Annika Hom, Reporter:
As my formidable bosses repeatedly remind us, the best pieces dig deep and pull apart complex, difficult questions. Few pieces demonstrate that better than Joe Eskenazi’s column on San Francisco school board member Alison Collins, in which I felt he hit all the marks: his standard and sharp political analysis, inclusion of the affected community’s voices and, most importantly, courageous dissection of the complications with her Tweets. Unlike almost every other piece that simplified this scandal, Eskenazi spelled out the racism both the Black and Asian communities face, with much-needed context and nuance. Doing so requires courage; something disappointingly absent from other journalists and media outlets who dared not broach the story at all.
Fortunately, that courage and critical thinking isn’t exclusive to Eskenazi. I loved Lydia Chávez’s hyper-attention to the city’s Covid-19 response, showing time and again how the community often served its people better than city officials espousing success. Importantly, Eleni Balakrishnan wrote about the rape allegations levied against a Mission leader and how the neighborhood’s nonprofits addressed these.
Eleni Balakrishnan, Reporter:
I joined Mission Local halfway through 2021, but even in such a short time, our team has produced some incredible stories: Breaking important news, exposing corruption and highlighting the lives and experiences of people in our city who are often overlooked.
Annika Hom’s reporting on San Francisco’s housing world always helps me stay up to speed, and her story about one company’s treatment of its tenants in subsidized housing was a horrifying reminder of the impacts when the powerful go unchecked. And this story about fentanyl in our community also stuck with me, not only for the information it conveyed, but the sensitivity with which Clara-Sophia Daly wrote it.
When it comes to understanding and analyzing this city’s politics, Joe Eskenazi is unmatched. I especially enjoyed following his series on rampant city corruption, which tied together so many city figures, including building inspectors, a city administrator and the mayor — all with his distinctive sense of humor.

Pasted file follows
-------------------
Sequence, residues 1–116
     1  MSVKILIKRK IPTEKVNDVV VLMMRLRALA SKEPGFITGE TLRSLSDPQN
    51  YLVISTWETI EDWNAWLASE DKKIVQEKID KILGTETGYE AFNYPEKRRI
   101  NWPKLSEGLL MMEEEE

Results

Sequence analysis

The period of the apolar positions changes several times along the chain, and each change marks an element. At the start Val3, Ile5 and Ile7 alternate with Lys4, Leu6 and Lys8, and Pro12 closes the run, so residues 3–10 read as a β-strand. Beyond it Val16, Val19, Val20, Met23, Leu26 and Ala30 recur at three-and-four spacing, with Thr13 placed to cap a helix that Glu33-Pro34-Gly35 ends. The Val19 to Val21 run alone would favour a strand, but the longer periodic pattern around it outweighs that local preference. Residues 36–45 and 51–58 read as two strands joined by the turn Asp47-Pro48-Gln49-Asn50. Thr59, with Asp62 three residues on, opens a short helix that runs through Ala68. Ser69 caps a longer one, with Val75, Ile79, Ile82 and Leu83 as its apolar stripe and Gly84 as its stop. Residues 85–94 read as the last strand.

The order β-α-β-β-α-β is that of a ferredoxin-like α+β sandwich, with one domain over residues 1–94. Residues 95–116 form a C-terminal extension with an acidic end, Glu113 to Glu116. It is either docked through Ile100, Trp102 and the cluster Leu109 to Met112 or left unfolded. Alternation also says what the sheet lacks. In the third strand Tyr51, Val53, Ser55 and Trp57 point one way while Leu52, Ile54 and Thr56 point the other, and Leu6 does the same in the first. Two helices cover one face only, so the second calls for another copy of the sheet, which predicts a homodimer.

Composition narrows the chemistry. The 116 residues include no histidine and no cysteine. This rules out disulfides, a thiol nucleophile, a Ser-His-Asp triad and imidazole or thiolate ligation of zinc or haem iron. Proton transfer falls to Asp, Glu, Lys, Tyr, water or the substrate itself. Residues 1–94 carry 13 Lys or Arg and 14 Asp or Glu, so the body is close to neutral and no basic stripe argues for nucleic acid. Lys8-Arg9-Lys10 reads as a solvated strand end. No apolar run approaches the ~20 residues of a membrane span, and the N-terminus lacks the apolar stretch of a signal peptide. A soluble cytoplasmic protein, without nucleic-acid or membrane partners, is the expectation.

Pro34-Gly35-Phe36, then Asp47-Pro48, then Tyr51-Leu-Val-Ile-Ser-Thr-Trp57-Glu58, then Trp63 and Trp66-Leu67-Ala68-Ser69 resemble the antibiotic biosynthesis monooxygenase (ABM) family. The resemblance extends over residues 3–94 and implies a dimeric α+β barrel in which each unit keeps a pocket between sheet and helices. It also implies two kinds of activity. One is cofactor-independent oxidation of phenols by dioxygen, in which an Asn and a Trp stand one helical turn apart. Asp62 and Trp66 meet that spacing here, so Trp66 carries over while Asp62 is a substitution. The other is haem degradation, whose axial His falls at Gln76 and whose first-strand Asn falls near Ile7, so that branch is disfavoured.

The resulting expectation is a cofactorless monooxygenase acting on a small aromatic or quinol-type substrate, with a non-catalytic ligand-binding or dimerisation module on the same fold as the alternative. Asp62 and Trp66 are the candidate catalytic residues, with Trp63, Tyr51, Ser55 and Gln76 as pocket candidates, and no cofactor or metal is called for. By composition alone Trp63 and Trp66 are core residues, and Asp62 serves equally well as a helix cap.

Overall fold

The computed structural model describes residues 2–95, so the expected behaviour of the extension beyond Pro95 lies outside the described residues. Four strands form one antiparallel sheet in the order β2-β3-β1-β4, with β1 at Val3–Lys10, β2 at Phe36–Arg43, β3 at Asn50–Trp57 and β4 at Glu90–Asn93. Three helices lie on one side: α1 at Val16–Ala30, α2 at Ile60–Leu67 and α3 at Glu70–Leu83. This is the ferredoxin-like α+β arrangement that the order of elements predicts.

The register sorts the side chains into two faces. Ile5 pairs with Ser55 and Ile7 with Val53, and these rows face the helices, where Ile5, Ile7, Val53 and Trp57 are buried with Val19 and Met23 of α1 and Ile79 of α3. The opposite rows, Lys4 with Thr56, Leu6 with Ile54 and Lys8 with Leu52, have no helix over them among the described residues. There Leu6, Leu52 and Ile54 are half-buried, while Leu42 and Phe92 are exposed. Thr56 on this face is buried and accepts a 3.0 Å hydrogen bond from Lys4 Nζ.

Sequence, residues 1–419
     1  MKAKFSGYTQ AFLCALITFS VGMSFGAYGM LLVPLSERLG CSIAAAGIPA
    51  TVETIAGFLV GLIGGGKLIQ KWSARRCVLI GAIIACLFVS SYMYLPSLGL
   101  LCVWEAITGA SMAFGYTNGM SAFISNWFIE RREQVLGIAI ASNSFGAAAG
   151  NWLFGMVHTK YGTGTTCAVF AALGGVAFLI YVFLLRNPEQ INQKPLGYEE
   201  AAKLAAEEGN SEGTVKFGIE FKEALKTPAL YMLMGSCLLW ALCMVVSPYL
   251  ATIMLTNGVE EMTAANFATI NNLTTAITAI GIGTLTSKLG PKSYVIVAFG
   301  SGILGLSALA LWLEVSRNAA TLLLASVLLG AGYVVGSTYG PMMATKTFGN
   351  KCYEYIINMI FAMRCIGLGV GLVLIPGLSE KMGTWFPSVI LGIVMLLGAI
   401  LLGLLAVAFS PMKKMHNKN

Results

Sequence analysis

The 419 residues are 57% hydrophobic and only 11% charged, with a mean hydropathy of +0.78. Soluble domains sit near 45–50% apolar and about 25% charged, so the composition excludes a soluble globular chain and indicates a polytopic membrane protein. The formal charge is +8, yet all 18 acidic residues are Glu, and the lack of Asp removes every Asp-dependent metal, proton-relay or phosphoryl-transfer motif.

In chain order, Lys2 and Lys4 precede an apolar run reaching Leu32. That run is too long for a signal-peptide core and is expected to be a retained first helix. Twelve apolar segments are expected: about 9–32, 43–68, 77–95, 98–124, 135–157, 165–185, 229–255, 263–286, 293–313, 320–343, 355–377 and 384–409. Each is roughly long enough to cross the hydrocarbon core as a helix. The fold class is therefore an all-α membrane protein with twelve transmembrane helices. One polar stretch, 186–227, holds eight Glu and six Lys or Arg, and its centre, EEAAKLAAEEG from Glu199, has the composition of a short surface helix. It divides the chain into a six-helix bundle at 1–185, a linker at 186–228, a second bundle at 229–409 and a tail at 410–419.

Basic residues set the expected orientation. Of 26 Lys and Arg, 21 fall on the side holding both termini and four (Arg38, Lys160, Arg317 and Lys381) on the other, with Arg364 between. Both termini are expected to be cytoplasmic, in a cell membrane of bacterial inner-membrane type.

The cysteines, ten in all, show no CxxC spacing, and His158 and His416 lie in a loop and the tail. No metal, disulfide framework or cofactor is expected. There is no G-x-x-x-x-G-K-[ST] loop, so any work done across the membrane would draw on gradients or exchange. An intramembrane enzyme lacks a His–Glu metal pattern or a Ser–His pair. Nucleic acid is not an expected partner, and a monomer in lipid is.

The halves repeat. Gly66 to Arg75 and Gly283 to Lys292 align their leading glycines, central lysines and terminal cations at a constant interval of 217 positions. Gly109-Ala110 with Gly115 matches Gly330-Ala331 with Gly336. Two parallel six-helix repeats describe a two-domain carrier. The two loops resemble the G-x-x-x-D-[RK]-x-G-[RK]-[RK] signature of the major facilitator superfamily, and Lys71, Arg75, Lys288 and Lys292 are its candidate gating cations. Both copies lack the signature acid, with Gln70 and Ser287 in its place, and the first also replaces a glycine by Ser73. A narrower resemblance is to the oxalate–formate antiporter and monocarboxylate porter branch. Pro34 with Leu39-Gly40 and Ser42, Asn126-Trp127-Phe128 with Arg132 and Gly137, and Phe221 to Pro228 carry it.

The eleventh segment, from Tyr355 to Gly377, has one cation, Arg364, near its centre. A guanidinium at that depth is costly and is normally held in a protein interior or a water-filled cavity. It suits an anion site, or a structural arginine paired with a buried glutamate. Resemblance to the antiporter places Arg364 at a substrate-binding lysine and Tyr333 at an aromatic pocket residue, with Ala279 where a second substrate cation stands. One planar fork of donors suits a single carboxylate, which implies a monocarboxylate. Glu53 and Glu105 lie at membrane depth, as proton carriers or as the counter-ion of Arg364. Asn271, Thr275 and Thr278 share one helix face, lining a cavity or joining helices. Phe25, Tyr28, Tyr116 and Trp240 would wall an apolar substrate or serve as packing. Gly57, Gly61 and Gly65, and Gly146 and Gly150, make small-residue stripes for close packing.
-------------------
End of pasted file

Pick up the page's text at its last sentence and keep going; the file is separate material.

I had been following Julian Mark’s work before I arrived at Mission Local, and though we didn’t overlap in the newsroom, his coverage of the police department in stories like this set a high bar for me.
Beth Winegarner, Copy Editor:
As Mission Local’s copy editor, I read almost every word that appears on this site — with considerable attention to detail. I’m grateful for the quality of our reporting, but that makes it difficult to narrow down my favorite articles of the year. There are definitely worse problems to have.
Of course, the ongoing Covid-19 pandemic dominated our coverage in 2021. I appreciated Mark Rabine’s tireless data updates, as well as Mission Local’s attention to the bigger picture. Two of my favorite articles spotlighted women leaders at the core of local pandemic response: Lydia Chávez’s “The Covid-19 warriors at UCSF are often female, always fierce and unusually diverse,” and Annika Hom’s “Susana, Susy, and salud: a mother-daughter team make Covid-19 wellness their Mission.” Others reflected on the pandemic’s effect on their lives, as in Naomi Marcus’ “I miss crying during Zumba classes in the Mission” and Julian Mark’s “Love survived — even thrived — in the time of Covid-19.”